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Peace Talks: End Round One

The good news is they got down to business. The bad news is that it's going to be slower going than President Clinton and his negotiating team had hoped. CBS News State Department Reporter Charles Wolfson weighs the pros and cons of the
Israeli-Syrian peace talks recently concluded in Shepherdstown, West Virginia.

For Israelis and Syrians, bitter enemies and in a perpetual state of war for more than fifty years, it was a start down the road called peace.

In eight days of talks, the President made five trips to West Virginia, several times meeting separately with Israeli Prime Minister Ehud Barak and Syrian Foreign Minister Farouk al-Shara, and bringing them together for three-way meetings on two occasions.

When Mr. Clinton was not on hand, Secretary of State Madeleine Albright held things together, pushing both sides, taking Mr. Barak on a tour of the nearby Civil War battlefield at Antietam, Maryland and separately hosting both leaders at her weekend retreat in Hillsboro, Virginia.

Even after a week of talks and a concerted effort by the State Department to get the negotiating teams to relax, this round was marked more by formality and separation than by informality and interaction. State Department spokesman James Rubin called encounters between Israelis and Syrians "cordial" and "businesslike." Early in the week he said things were not "warm and fuzzy." By week's end, Rubin said We're on a warming trend but I don't want to overstate it."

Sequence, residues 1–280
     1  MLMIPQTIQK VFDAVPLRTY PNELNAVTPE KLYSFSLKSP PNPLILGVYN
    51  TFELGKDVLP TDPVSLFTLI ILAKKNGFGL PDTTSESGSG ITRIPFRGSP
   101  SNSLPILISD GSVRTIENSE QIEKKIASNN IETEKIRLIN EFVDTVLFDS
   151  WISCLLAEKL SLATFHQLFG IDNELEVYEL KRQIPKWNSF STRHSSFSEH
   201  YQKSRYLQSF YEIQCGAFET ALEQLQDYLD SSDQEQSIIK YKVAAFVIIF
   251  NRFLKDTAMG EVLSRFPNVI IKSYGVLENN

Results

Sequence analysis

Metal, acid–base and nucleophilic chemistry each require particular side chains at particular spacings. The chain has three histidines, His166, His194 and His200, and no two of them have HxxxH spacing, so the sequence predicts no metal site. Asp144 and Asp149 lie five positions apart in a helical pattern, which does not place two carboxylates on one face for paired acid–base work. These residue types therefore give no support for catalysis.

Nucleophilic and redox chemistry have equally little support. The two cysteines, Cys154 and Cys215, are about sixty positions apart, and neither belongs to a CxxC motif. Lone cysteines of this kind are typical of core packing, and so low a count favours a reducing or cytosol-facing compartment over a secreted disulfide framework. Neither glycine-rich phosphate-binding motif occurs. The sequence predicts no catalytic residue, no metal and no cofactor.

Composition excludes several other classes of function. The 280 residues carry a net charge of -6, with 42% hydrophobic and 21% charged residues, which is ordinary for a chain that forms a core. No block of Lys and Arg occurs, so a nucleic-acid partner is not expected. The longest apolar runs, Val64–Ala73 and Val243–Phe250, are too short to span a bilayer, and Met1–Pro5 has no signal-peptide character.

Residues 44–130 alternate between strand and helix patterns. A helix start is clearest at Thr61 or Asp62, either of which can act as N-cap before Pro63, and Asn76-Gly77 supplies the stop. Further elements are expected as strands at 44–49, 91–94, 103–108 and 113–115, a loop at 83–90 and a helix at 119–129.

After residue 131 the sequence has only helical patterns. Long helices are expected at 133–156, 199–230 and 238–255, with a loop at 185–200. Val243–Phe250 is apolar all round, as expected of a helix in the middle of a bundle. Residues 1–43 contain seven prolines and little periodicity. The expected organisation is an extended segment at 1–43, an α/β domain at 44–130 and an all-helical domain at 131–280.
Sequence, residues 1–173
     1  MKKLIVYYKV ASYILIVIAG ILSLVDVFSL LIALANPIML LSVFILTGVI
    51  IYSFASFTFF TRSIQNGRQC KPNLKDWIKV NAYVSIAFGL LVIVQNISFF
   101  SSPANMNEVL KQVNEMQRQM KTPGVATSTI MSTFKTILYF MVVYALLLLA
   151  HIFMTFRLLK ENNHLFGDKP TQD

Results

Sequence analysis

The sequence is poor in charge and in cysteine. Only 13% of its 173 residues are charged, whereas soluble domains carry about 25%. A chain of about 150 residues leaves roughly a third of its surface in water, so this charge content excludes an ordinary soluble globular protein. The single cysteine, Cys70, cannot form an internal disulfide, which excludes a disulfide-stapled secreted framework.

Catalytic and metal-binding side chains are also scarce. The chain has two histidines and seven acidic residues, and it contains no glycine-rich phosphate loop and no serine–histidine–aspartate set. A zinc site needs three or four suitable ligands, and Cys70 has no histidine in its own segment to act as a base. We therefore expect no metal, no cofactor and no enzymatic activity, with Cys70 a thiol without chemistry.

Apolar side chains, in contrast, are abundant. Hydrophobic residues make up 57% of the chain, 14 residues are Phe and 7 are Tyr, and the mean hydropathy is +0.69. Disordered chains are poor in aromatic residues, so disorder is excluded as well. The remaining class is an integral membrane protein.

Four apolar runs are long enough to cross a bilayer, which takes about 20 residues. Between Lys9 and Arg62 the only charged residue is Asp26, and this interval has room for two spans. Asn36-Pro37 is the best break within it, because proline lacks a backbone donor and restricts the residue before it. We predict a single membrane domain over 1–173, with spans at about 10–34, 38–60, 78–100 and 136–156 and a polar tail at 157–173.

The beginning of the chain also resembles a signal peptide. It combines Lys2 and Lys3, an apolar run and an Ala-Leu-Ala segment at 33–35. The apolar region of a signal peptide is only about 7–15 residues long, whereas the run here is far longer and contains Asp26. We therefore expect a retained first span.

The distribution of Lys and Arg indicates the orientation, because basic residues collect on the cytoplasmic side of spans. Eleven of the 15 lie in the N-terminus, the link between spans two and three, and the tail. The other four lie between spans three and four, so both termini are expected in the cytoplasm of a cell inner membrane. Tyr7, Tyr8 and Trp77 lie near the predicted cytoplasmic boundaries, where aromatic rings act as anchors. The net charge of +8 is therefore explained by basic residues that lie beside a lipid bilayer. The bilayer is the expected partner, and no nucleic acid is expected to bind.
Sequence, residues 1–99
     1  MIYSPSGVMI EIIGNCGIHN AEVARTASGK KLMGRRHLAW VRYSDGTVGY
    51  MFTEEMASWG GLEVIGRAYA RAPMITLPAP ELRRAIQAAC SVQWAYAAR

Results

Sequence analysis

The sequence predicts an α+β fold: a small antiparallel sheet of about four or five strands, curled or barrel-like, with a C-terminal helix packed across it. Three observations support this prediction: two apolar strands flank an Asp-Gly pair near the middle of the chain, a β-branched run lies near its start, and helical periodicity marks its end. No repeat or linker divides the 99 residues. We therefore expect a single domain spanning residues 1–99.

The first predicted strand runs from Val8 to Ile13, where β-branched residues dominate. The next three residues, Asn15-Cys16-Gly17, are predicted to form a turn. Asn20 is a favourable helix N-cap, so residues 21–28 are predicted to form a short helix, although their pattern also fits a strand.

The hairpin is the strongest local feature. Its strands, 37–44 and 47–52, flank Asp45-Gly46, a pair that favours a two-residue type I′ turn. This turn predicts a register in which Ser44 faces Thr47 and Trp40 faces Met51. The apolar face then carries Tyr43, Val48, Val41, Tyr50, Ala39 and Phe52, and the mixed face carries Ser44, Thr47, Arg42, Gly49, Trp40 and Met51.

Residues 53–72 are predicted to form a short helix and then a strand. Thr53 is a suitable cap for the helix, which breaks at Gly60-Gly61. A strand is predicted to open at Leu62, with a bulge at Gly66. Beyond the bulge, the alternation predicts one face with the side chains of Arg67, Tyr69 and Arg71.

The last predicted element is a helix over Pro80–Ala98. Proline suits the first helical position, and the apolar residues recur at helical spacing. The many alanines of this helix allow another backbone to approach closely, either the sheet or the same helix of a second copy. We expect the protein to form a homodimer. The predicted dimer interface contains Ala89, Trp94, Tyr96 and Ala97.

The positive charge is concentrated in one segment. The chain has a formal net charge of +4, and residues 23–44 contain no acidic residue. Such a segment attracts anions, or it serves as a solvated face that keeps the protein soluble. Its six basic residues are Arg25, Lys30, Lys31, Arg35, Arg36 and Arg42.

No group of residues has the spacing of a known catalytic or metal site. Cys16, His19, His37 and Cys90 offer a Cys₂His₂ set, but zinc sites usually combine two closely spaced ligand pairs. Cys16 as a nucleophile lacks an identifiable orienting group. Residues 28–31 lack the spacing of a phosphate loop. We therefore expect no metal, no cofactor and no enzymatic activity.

One Syrian source close to the delegation said the Americans were trying to get people into blue jeans and t-shirts. He then noted some of the Syrians, not known for their informality, had never owned a pair of blue jeans.

At mid-week the Americans offered both sides what they called a "working document," a seven page paper meant to summarize the positions of both sides, noting areas of agreement and disagreement. Spokesman Rubin conceded it was possible the document could end up being the "starting point" for an eventual peace treaty.

This round of talks also saw expert-level committees established to work on the four main issues: borders, normal peaceful relations, security arrangements and water. By week's end, all of the committees had met at least once.

On the fringes, there were informal discussions by all the parties, but very little got done without American negotiators sitting between Israelis and Syrians. Often it was Americans meeting with one side, then carrying a response back to the other side.

As the State Department's James Rubin put it: "We recognize these are fateful decisions for Israel and SyriaÂ… We don't expect it to be resolved overnight, but over time."

The next round of talks is scheduled for Jan. 19th, somewhere in the Washington, D.C. area.


by Charles Wolfson